94

Z. Tajeddin and N. Khanlarzadeh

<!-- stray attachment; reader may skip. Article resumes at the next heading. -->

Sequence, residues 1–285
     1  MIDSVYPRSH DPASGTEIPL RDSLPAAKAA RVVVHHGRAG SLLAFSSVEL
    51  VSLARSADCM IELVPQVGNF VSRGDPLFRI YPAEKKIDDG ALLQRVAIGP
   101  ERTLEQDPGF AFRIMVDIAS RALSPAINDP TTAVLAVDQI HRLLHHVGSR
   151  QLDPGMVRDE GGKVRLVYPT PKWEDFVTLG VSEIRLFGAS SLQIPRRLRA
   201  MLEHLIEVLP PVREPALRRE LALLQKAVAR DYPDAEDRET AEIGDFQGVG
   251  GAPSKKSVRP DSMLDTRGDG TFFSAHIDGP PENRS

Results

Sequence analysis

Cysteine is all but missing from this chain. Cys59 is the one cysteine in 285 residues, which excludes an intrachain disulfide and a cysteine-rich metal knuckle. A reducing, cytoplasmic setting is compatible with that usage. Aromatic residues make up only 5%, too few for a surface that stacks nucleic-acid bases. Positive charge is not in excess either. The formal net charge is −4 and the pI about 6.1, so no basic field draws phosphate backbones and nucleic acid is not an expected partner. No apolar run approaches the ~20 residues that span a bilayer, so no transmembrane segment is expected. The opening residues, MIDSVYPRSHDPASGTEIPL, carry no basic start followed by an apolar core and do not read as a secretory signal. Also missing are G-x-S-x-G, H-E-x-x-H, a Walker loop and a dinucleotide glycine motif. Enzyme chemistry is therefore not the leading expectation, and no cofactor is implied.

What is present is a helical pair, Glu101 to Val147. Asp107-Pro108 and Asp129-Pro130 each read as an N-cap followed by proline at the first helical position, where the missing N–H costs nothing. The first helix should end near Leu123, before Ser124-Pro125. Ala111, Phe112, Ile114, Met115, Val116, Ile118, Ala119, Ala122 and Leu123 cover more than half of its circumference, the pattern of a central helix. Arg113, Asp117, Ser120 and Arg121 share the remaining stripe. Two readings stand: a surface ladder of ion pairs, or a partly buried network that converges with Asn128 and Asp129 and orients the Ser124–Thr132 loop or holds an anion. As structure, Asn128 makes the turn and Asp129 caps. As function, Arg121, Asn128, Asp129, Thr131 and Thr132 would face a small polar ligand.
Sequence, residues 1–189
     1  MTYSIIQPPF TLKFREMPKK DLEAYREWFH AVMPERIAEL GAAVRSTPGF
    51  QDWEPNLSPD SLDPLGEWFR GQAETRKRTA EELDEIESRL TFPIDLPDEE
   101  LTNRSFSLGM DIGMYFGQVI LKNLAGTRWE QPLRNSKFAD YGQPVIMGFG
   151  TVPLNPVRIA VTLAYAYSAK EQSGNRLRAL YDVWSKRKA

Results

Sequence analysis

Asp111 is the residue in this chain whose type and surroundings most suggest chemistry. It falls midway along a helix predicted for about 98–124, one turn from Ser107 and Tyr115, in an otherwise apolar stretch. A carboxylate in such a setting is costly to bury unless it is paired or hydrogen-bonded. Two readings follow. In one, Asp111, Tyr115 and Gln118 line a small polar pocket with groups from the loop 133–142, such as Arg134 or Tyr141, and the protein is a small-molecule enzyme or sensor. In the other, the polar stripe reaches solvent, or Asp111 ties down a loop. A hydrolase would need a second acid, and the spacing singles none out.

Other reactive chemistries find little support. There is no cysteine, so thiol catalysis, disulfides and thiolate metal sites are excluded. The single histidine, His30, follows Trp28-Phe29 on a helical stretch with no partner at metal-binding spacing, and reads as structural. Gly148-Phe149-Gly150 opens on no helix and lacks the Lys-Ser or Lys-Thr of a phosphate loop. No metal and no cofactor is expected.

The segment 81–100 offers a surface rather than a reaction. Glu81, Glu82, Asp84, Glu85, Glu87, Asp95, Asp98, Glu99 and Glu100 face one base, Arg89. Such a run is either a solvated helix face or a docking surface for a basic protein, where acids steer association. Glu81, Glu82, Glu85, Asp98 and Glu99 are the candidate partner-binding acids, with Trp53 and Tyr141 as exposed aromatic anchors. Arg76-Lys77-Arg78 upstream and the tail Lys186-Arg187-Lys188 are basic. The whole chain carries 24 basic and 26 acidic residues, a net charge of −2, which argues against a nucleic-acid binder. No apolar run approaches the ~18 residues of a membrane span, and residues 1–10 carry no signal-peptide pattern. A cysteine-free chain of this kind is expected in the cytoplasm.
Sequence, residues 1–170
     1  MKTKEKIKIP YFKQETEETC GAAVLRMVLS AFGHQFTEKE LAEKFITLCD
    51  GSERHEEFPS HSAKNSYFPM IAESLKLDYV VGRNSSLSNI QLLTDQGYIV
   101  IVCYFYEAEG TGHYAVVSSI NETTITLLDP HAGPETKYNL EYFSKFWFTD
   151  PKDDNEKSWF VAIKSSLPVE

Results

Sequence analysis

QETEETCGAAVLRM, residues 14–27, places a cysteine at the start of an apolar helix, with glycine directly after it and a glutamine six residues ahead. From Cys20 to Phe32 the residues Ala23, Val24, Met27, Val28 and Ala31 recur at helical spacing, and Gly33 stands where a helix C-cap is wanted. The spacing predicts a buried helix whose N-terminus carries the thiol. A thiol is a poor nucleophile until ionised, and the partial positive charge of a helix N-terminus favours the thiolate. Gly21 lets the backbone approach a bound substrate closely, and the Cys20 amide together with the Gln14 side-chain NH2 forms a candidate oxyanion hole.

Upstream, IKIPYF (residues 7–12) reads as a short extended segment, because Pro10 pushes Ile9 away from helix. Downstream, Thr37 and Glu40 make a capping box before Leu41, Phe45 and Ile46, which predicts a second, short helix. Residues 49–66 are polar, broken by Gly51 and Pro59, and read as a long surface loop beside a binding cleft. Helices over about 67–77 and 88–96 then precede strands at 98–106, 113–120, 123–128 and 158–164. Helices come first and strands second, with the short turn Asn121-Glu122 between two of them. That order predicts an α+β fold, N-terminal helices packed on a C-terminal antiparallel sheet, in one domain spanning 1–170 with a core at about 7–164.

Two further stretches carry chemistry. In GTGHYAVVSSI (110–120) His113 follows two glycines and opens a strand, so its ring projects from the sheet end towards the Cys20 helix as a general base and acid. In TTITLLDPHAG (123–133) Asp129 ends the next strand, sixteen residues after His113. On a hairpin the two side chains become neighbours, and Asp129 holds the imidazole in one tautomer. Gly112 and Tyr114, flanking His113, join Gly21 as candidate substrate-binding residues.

level of understanding of the concepts of language and culture. In a comprehensive study, Parmenter (2010) reviewed the intercultural policies of 65 countries as represented in their national education policy and curriculum documents. She found that, in general, education policymakers held positive attitudes toward intercultural pedagogy; however, she believed that these policies were still new and that further investigations were required to indicate how these policies are being implemented at schools (Parmenter, 2010). Peiser (2012) investigated the perspectives of different stakeholders, including two key policymakers, on intercultural understanding in the Key Stage 3 Modem Foreign Languages curriculum (for pupils in Year 7, Year 8, and Year 9) in the UK. The result of her interview with policymakers indicated that although the reference to intercultural understanding in this program was adopted with wellmeaning intentions, policymakers’ lack of awareness and knowledge regarding this term resulted in ambiguity in their policy documents. Most of the studies on language policies considered policy documents as their primary sources of data; however, it is important to note that the development and interpretation of policies are dialogic as multiple voices are present in their formulation. In fact, policies grow from a plurality of positions, while policy texts are presented as monologs and authoritative statements (Liddicoat & Taylor-Leech, 2021). Liddicoat and Taylor-Leech believe that viewing policy as text undermines agencies involved in its development and obscures the sense that certain policies are chosen from amongst multiple alternatives. This highlights the value of individual policymakers’ role and proves that inquiring about individual policymakers’ views on an educational matter can provide us with more comprehensive results. Meanwhile, language policy documents have not always been explicit and detailed about their statements, and this is the case regarding ICC pedagogy in many education policy documents (Baker, 2015). So far, many studies have indicated that the concept of ICC in national curriculums and language policies has been ambiguous, as there is a lack of consensus over the conceptualization of this competence (e.g., Baker, 2015; Peiser, 2012; Pitzl, 2015); therefore, further delving into policymakers’ views can be beneficial and help clarify ambiguous issues.